7. Since its founding in 1974, Historic Kansas City (HKC) has been the only greater Kansas City nonprofit organization dedicated to the preservation of the area’s heritage, neighborhoods and historic built environment. Through advocacy, public policy, outreach and educational programming, HKC is an advocate for, and participant in, the thoughtful and meaningful preservation and rehabilitation of historic buildings, landscapes, and neighborhoods. The organization is financed through memberships, corporate and foundation gifts and public grants. HKC maintains a professional staff guided by a Board of Directors. Our Missions: To demonstrate the economic and cultural value of preserving the built environment To preserve endangered buildings of historical, cultural or architectural significance To promote the continued use of older buildings through conservation, restoration or adaptive reuse in a manner that maintains the integrity of the building’s design and materials To encourage stabilization and conservation of older neighborhoods To educate the public about the historical, architectural and cultural heritage of Kansas City’s built environment To provide opportunities for the public to be actively involved in historic preservation http://www.historickansascity.org/ We’re always happy to hear from you. Please feel free to contact us by address: 234 W 10th Street, Kansas City, Missouri 64105, phone: 816-931-8448, fax: 816-931-8558, email: hkcf@historickansascity.org. View full record
  8. You may be missing out on some terrific genealogy resources and services right in your own back yard, so to speak, so listen up! For many years, the Johnson County Library (JCL) and the Johnson County Genealogical Society (JCGS) have had a close, supportive relationship. The library maintains a mid-size genealogy collection, including items owned by the library as well as items owned by JCGS, all housed side-by-side on library shelving in the west-central area of the Central Resource Library (CRL). The focus of the collection is on Kansas and Missouri, plus on areas from which our ancestors came into Kansas and Missouri. Those include: the New England states, the Mid-Atlantic states, the Ohio Valley, the southeastern states, and the Midwest. Such items may include family histories (donated), passenger lists (Germans to America, Italians to America, etc.), county histories, indexes to vital records, some DAR materials, etc.. Items are generally arranged by state, and may include various county resources that may have been purchased or donated. Donations from individuals have certainly added some valuable resources to the department. http://jcgsks.org/ Meetings are held at 10:00 a.m. on the 4th Saturday of each month except October and December. 2015 brings a big change to our ususal meeting space due to remodeling at the library. The monthly meetings will be held at The Church of Jesus Christ of Latter-day Saints 7100 Hadley Overland Park, KS (about one block east of Antioch on 71st St.) Mailing Address Johnson County Genealogical Society and Library, Inc. P.O. Box 12666 Shawnee Mission, KS 66282-2666 Email General Inquiry: info@jcgsks.org View full record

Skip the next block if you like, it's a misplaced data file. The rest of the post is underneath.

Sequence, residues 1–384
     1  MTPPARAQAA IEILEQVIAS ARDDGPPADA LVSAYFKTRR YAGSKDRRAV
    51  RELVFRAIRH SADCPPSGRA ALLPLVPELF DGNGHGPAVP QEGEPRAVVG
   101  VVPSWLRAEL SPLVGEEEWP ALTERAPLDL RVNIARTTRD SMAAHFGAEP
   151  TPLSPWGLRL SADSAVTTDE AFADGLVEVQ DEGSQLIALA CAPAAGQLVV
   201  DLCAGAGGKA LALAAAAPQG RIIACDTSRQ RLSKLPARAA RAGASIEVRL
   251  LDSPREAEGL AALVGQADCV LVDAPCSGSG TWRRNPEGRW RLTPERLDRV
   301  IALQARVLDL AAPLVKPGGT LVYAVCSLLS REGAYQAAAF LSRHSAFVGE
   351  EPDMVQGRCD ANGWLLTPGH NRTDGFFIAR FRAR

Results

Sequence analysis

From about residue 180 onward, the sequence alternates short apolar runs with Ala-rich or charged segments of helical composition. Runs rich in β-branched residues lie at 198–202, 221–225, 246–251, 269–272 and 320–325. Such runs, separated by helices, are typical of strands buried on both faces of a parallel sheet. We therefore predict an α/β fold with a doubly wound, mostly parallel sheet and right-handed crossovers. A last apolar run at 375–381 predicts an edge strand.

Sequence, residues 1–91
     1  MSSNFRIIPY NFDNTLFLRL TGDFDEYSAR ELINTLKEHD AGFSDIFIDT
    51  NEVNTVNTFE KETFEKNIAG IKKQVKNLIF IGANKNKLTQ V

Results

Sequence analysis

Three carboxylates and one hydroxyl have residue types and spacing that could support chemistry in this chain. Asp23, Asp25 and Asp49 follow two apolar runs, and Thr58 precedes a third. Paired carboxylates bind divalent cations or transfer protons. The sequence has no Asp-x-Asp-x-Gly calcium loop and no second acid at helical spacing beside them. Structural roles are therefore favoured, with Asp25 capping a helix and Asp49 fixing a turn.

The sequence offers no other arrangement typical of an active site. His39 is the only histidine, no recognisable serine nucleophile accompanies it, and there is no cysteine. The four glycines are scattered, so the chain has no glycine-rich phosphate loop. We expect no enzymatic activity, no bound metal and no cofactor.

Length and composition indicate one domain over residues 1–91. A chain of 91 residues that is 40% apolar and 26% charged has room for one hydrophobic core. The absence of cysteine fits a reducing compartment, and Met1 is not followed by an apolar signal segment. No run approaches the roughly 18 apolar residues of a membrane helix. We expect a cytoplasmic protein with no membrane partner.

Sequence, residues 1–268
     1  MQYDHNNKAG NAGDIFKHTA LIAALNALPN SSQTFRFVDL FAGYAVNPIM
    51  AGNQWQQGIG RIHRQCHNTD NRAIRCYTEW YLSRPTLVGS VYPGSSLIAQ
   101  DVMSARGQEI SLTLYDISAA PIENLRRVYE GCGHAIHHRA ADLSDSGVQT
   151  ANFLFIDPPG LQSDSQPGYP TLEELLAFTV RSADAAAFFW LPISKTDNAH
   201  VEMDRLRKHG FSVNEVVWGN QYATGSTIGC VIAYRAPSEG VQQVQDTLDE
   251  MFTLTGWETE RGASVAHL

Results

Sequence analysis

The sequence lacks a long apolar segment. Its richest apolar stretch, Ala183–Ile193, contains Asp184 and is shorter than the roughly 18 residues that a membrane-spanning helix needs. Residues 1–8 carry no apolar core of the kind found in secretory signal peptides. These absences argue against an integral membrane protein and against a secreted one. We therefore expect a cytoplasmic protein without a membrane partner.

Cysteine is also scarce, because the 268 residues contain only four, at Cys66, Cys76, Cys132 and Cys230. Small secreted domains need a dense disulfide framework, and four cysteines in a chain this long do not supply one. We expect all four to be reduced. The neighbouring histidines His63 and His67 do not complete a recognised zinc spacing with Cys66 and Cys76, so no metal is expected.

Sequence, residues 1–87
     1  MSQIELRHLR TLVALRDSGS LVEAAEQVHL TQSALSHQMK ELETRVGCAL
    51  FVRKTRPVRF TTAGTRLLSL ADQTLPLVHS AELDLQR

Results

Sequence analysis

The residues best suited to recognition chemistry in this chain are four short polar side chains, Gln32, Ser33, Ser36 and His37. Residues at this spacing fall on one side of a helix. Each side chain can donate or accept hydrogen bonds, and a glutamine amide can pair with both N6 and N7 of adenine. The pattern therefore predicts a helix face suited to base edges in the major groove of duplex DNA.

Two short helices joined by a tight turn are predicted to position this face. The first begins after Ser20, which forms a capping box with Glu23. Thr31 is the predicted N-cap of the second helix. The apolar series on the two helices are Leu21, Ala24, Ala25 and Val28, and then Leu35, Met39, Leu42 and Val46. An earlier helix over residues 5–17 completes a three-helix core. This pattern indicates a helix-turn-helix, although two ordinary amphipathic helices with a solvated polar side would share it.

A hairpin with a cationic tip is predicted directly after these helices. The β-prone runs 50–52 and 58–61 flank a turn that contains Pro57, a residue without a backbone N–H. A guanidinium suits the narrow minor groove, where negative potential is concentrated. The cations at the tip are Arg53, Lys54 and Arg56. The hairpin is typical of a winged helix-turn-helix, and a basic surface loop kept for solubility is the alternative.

9. The Jackson County Museum, 327 New York, Holton, Kansas is an 1880's period tinsmith brick building with its original tin ceiling. Museum theme: Westward, Ho! Exhibits: covered wagons to the barbed wire era. Displays: Buffalo Bill, Carrie Nation and the Barnes brothers baseball career. Other Displays: a country school room area, World Wars I & II memorabilia, quilts, fashions, dolls, license plates and tools. https://sites.google.com/site/jchsks/ Visit us during Second Saturdays Museum open every Friday May through October - other times by appointment Contact Us: By phone: 785-364-2316 By email: jacohistsoc@gmail.com In person: Jackson County Museum 327 New York, Holton KS Fridays: 10 am - 4 pm May through October By mail: Jackson County Historical Society 216 New York Holton KS 66436 View full record
  10. The Society's regular meetings are held at the JCGS Library (1111 W. Pacific, Independence, MO) at 7 p.m. on the first Thursday of the month in September, October, April, and May. During the winter months of November, December, February, and March, the regular meetings are held on the first Saturday of the month at 10:00 a.m. The programs are designed and speakers selected to help members research and preserve their family's history; the public is welcome. http://www.jcgs.org/ By telephone: 816-252-8128 By mail: Jackson County Genealogical Society, P.O. Box 1133 Independence, MO 64051 View full record